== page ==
Scot­tish En­sem­ble: Pause

The Scotsman - - Reviews - KEN WAL­TON

Glas­gow Science Cen­tre

WHAT a great idea, to present a mu­si­cal per­for­mance, in­ter­spersed with mus­ings by a cog­ni­tive neu­ro­sci­en­tist on how mu­sic acts on the brain, within in the steely geo­met­ric struc­ture of Glas­gow Science Cen­tre.

The mu­si­cians were the flex­i­ble, open-minded virtuosi of the Scot­tish En­sem­ble; the sci­en­tist, one Dr Guido Orgs; and the pro­gramme, de­vised by Scot­tish En­sem­ble vi­olin­ist Daniel Pioro, a fas­ci­nat­ing pot­pourri of ec­cen­tric styles and thought­ful in­trigue.

Orgs’ two short dis­courses were de­light­ful in their in­tel­lec­tual sim­plic­ity – ba­sic ques­tions, straight­for­ward an­swers. Around those and other com­ple­men­tary ver­bal con­sid­er­a­tions by di­rec­tor Jonathan Mor­ton and Pioro, the En­sem­ble’s per­for­mances were though-pro­vok­ing, at­mo­spheric and re­mark­ably de­cent-sound­ing for such an un­con­ven­tional venue.

At one end of the chronol­ogy was Biber’s thor­oughly quirky first Rosary Sonata and Han­del’s sil­very Sonata in D, both de­liv­ered with stylis­tic grace. Ev­ery­thing else was of more re­cent parent­age, from John Cage’ssem­i­nal 1950s state­ment on silence, 4’33”, to the re­flec­tive nos­tal­gia– Bach’s Pas­sion Cho­rale seeped in a wash of con­tem­po­rary haze – of Caro­line Shaw’s Punc­tum.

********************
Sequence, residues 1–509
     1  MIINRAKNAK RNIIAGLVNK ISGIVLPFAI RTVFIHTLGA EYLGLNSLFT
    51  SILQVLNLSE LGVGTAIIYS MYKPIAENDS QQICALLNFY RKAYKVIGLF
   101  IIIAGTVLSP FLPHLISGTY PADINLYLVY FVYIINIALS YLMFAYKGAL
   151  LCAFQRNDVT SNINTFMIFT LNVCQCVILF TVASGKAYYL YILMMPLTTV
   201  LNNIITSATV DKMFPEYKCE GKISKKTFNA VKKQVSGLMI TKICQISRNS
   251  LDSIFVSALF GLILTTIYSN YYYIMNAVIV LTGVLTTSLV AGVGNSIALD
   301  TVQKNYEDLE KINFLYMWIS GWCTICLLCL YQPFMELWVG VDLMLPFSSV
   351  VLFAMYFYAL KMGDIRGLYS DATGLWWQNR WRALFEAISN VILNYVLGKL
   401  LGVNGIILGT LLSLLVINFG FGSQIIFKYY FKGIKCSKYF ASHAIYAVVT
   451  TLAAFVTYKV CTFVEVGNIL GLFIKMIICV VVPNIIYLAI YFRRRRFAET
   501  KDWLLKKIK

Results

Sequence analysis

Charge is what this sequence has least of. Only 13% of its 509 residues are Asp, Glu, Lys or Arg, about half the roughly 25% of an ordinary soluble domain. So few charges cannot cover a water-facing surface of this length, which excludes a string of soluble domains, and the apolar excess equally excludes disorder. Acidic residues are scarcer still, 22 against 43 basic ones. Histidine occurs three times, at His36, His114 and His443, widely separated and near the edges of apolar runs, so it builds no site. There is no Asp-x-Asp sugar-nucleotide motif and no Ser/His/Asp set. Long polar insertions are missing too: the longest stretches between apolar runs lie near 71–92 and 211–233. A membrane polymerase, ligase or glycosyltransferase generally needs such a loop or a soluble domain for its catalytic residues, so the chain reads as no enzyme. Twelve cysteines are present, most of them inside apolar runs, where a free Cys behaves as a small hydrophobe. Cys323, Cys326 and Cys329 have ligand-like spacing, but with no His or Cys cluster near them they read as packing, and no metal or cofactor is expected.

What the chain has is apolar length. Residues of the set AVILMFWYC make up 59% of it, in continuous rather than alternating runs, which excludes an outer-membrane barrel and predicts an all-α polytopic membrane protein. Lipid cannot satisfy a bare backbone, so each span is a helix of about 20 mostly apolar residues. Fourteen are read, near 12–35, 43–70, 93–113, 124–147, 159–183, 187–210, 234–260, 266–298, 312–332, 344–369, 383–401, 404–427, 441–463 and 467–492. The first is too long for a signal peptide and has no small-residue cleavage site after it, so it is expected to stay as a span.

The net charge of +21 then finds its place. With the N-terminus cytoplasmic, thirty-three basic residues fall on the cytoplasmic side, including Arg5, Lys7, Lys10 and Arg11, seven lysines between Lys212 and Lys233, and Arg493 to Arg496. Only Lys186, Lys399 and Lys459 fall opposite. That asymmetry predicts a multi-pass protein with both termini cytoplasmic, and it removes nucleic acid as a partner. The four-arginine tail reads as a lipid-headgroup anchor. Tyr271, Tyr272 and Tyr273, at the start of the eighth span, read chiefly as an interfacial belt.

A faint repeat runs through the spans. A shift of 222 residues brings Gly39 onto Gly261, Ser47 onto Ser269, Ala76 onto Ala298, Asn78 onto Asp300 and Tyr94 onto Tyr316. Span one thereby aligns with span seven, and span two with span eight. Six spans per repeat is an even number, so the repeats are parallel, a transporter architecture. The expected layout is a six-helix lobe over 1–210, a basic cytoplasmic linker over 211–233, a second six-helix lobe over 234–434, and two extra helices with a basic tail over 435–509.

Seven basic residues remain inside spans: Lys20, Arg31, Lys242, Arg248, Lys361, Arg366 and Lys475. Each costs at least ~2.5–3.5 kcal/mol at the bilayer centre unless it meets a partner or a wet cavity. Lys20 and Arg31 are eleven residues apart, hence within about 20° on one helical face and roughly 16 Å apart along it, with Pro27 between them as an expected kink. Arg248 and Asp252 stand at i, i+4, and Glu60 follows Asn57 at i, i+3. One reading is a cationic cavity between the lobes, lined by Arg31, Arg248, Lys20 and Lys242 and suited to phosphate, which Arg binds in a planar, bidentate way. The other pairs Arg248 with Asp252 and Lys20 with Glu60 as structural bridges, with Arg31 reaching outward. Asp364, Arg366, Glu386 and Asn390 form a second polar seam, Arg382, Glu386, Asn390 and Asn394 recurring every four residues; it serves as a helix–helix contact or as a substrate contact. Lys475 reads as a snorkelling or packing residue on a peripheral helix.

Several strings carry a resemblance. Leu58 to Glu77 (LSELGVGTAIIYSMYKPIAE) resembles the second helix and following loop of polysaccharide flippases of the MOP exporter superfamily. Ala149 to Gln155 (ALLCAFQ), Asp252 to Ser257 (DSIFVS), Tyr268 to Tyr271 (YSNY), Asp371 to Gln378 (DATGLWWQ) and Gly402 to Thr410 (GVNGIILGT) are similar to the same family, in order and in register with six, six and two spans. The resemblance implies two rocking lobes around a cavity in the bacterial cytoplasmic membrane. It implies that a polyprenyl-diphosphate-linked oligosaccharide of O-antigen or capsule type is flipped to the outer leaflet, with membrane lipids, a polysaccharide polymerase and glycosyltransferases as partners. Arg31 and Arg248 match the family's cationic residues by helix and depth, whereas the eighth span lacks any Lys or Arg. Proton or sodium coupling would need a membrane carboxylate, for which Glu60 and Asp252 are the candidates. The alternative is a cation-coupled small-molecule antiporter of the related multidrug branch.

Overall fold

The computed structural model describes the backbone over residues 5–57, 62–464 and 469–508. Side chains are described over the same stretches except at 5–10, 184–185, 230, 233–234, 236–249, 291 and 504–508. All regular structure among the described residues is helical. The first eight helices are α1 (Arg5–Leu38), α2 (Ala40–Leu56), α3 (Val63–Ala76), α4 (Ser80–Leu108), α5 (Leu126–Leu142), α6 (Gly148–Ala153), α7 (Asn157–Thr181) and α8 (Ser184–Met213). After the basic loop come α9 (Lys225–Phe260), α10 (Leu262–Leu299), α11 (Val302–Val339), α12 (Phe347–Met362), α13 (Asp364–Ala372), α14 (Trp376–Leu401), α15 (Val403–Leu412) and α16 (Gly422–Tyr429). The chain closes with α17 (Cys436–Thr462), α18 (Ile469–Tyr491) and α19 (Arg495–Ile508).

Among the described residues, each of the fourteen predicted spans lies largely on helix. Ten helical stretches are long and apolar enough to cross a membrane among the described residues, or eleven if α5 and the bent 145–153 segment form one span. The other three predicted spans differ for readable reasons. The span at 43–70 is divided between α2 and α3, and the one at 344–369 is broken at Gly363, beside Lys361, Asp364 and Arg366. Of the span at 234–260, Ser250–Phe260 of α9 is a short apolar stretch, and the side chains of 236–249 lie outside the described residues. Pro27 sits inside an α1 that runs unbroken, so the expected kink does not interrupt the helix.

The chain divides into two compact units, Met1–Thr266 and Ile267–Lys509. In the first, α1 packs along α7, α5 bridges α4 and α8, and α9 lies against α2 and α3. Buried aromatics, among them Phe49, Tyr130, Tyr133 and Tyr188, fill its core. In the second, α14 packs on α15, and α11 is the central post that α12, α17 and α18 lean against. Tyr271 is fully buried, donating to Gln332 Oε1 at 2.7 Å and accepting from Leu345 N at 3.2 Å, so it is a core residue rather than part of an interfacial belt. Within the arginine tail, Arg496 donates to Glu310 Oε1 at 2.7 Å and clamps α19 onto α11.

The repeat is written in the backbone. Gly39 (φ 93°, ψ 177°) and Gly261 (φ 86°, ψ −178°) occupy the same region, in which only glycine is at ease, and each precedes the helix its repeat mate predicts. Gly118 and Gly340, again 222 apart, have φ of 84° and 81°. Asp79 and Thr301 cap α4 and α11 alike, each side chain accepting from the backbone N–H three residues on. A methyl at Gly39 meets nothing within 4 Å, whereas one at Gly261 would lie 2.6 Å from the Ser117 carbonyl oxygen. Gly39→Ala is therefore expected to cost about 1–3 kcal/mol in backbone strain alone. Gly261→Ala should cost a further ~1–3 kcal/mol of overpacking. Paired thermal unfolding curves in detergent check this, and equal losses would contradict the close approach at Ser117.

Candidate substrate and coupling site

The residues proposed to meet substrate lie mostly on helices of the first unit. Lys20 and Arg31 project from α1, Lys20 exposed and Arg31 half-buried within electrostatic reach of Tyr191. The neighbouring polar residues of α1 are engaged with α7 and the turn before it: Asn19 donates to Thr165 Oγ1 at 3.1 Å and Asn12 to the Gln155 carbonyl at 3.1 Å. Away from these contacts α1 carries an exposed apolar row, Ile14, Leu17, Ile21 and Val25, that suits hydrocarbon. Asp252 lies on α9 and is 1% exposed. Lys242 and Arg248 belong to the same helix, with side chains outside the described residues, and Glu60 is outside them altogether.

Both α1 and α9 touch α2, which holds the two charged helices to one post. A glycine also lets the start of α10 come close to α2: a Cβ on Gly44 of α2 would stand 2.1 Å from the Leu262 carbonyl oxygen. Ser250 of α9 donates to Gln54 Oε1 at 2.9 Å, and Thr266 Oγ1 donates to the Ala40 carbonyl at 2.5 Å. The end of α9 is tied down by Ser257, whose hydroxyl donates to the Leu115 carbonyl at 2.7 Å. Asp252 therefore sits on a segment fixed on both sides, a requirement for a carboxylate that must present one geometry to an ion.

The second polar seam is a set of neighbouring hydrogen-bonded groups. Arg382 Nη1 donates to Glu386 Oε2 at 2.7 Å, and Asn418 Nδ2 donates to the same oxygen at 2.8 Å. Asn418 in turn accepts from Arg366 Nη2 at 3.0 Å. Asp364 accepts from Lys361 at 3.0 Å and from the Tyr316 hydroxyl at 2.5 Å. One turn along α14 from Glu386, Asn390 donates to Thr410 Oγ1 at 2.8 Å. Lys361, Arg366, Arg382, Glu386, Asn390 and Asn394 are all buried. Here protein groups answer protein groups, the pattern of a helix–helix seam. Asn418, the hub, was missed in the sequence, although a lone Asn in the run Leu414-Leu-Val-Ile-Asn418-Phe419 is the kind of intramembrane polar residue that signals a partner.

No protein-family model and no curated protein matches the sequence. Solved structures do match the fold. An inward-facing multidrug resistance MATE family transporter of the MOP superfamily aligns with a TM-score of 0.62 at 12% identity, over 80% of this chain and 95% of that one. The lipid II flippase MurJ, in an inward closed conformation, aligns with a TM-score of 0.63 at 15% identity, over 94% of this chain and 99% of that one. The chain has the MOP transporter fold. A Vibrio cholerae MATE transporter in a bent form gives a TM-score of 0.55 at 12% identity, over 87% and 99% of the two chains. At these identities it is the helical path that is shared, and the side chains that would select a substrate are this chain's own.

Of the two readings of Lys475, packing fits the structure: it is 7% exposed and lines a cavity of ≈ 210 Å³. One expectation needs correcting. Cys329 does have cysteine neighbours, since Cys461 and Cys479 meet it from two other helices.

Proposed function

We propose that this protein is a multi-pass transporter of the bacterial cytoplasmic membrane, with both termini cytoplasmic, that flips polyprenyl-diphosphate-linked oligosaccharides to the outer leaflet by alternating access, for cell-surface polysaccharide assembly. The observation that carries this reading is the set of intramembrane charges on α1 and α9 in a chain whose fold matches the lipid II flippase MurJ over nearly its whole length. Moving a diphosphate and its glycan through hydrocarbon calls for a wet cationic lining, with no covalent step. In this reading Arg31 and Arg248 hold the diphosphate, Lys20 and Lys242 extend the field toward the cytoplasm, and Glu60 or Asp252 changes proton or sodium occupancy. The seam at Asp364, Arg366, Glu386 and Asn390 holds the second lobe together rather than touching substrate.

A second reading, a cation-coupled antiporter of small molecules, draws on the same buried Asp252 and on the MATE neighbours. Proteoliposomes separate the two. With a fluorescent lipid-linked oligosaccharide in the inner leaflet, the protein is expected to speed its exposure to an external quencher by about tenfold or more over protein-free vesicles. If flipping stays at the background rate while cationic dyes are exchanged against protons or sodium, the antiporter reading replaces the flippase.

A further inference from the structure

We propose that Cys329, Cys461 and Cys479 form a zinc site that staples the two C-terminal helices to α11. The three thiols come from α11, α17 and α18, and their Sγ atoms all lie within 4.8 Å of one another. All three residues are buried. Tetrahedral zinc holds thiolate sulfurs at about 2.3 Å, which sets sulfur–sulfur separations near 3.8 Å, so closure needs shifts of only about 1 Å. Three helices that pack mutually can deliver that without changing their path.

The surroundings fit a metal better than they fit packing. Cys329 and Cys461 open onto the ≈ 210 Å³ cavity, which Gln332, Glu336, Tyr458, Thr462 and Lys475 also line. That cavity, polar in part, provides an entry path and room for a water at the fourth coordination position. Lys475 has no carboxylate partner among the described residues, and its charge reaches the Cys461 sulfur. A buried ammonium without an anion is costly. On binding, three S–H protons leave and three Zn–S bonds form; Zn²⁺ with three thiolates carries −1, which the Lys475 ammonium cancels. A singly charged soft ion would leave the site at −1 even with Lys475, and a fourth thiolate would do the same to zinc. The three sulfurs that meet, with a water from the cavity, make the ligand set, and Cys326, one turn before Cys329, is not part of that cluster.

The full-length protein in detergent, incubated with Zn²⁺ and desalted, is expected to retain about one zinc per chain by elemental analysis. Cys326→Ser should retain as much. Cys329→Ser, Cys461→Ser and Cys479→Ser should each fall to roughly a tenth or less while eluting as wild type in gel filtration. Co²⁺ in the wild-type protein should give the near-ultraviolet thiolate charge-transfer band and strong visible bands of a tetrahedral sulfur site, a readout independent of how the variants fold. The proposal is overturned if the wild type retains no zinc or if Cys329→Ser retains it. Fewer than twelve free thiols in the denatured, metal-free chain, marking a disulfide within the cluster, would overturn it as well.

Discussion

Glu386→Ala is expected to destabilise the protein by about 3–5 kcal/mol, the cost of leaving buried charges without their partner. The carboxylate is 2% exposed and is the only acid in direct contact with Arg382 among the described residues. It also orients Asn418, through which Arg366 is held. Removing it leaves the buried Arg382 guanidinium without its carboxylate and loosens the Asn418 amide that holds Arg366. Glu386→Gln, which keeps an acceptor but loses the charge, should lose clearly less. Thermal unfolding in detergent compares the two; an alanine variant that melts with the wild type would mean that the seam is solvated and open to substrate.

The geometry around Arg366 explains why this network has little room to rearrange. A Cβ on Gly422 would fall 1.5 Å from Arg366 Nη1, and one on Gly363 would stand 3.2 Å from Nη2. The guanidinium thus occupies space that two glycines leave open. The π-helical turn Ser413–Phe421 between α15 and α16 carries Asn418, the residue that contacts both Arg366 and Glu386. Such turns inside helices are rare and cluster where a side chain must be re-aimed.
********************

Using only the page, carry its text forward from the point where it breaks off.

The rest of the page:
Pioro’s own en­thu­si­asms shone through, of­ten in feats of vi­o­lin­is­tic bril­liance. The re­lent­less en­ergy of Glass’ Knee Play 2 was elec­tri­fy­ing, and Pioro’s brace of ar­range­ments ex­plor­ing the “divine” – a stir­ring Raga and a sub­lime med­i­ta­tion on the an­cient hymn Veni Cre­ator Spir­i­tus – were de­li­cious mo­ments.

Pauline Oliv­eros’ 70 Chords for Terry was a fiery stim­u­lant forth es en ses, søren sen’ s shine you no more a daz­zling folk in­spired fi­nale. Much to think about, loads to en­joy.

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